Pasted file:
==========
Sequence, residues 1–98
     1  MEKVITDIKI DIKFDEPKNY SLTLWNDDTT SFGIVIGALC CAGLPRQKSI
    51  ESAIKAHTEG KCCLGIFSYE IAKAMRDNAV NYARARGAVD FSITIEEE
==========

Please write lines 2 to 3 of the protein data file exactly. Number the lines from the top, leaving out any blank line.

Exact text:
     1  MEKVITDIKI DIKFDEPKNY SLTLWNDDTT SFGIVIGALC CAGLPRQKSI
    51  ESAIKAHTEG KCCLGIFSYE IAKAMRDNAV NYARARGAVD FSITIEEE